Early-stage startup investing hasn't changed. Investment approach and what active angels and venture capitalists look for in startups haven't changed, so why should it change for cryptocurrency investors? I probably sound like a retired John Wooden or Obi-Wan Kenobi to some young millennial crypto investors, but there is no reason these factors change if it's only the funding mechanism and not the actual paths to building successful companies.
Just a couple of years ago, many startups that couldn't secure seed funding are now launching their own ICOs. Did their business models change? No. Their team? No. What changed? Just their target audience of investors.
Why is the bar so low for startups raising through ICOs? You have a nicely written whitepaper, so you should be able to raise $10 million? You have a team from Google and Facebook or co-founded a prior company that was sold as an acquihire? Maybe most of these new startup investors don't know how high the bar is in some sectors for seed capital. Most seed funds don't even look at mobile applications with retention rates below 20% after six months or e-commerce companies with less than $500,000 in revenues. Don't Become Dumb Money
Obviously, there are mechanics behind the scenes that benefit from these low standards (i.e. products in alpha or vaporware) since many ICOs are driven by whales that pump and dump
. Even if the price of a token drops 20%, these investors still do very well since they probably bought at a 40% discount.
Do not become the retail person at the end of these ICOs sitting with a bunch of phantom tokens or equity in a paper tiger that never launches a product. There is a problem with the whole "industry" of ICOs when most of the company research reports read like reports from the 1990s when information was thin and hype was thick. Convert Your Seed Investment at the ICO
Investment standards shouldn't change, and the terms shouldn't either. We recently invested in a blockchain related startup that was planning an ICO. After reviewing their convertible note documents, our team brought up the fact that our investment doesn't convert at the ICO. If a company is raising $5 million, $10 million or more through an ICO, the seed round investors' convertible note shouldn't be left in limbo and it should convert to equity. We had a simple conversation with the founders, who also agreed, and the terms of the convertible note were changed. Look Out For The Hairy-Nosed Wombat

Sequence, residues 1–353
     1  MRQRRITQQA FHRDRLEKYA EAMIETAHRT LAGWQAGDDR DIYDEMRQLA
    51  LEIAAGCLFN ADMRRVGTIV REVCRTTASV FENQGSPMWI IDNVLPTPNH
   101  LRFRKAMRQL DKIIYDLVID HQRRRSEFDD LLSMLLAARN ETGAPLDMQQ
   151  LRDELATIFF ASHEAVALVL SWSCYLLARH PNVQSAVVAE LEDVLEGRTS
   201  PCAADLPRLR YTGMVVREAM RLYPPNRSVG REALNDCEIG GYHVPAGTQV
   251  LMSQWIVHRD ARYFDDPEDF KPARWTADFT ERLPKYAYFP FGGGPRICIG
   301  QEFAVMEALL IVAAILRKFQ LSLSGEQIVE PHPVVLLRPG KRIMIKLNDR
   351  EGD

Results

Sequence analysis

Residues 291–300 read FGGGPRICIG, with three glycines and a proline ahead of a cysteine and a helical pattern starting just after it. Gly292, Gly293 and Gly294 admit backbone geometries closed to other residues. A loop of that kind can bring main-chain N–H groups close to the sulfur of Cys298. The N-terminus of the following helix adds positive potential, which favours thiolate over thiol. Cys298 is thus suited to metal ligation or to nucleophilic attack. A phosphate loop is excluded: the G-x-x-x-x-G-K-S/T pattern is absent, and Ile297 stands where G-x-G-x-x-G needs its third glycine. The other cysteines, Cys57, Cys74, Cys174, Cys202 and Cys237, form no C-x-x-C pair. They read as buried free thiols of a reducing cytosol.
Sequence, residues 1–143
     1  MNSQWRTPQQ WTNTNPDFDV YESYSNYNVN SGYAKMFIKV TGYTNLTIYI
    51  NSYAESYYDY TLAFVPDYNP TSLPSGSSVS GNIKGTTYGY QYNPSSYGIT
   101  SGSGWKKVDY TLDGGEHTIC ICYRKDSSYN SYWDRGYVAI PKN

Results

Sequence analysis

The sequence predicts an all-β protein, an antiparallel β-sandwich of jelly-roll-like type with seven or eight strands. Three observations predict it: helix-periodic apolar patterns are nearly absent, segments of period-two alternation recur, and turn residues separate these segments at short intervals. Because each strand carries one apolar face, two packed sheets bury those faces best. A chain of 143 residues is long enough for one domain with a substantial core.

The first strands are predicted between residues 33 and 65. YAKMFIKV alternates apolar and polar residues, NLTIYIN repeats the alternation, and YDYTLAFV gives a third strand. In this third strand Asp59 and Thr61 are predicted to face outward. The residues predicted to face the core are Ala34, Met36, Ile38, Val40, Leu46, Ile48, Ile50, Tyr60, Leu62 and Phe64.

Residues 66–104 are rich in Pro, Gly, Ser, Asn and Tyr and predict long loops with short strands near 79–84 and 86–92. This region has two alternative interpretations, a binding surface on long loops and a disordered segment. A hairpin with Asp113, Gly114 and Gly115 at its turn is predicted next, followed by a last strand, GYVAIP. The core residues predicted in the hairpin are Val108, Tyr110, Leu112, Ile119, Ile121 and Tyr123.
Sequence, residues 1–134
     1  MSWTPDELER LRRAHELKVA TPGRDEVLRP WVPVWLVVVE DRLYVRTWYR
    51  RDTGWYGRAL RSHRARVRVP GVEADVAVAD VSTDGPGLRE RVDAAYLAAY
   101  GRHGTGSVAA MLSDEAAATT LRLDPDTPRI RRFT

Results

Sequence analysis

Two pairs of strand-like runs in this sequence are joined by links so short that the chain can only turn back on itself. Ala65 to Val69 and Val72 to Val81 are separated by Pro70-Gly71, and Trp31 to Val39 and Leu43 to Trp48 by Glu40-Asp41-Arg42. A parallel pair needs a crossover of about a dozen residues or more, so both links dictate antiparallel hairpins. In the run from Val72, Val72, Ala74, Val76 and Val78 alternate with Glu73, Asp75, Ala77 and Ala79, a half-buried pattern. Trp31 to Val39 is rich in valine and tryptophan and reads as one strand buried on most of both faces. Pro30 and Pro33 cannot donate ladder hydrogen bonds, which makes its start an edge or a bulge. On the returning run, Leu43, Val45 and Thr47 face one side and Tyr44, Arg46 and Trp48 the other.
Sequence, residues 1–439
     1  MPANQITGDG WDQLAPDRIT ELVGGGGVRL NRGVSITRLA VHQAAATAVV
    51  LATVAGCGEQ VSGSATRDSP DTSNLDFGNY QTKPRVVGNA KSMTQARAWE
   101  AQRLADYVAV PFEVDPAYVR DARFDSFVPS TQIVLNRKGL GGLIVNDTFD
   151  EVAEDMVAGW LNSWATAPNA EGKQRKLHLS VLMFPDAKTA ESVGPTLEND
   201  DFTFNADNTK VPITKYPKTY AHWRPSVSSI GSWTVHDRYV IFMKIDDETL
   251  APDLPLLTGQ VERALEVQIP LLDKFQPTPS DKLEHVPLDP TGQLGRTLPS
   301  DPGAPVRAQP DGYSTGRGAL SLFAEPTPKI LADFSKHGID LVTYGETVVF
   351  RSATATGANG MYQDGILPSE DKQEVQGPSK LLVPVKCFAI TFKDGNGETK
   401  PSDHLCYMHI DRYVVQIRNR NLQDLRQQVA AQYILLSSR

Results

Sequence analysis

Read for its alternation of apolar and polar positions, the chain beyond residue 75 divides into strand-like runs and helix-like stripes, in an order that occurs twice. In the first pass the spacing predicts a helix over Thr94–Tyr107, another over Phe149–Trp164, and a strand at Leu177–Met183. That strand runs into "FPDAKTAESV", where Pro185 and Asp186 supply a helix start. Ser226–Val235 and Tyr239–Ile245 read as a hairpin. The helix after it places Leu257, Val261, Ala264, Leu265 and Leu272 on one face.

Opinions may vary, but to me it seems clear that as regulators step in and the ICO craze tempers down utility tokens will be tied to equity. It's hard enough to create a successful startup and product, but on top of this to create a successful ecosystem around your tokens? This is like creating Eventbrite and Evernote concurrently while circling the globe in 80 days -- a monumental task. So I believe the vast majority of utility tokens will eventually be tied to equity in some manner.
There will be rare utility tokens that can successfully justify their existence, but not many. Maybe as rare as the hairy-nosed wombat, of which there are approximately 200 in existence. Presently, the ICO-focused legal community itself is debating whether a pure utility token will be deemed securities in the Cardozo Blockchain Project's response to The SAFT Whitepaper published by Cooley LLP. Therefore, it is possible that many ICOs which are positioning themselves as "utility tokens" to avoid being deemed securities will not succeed in that effort.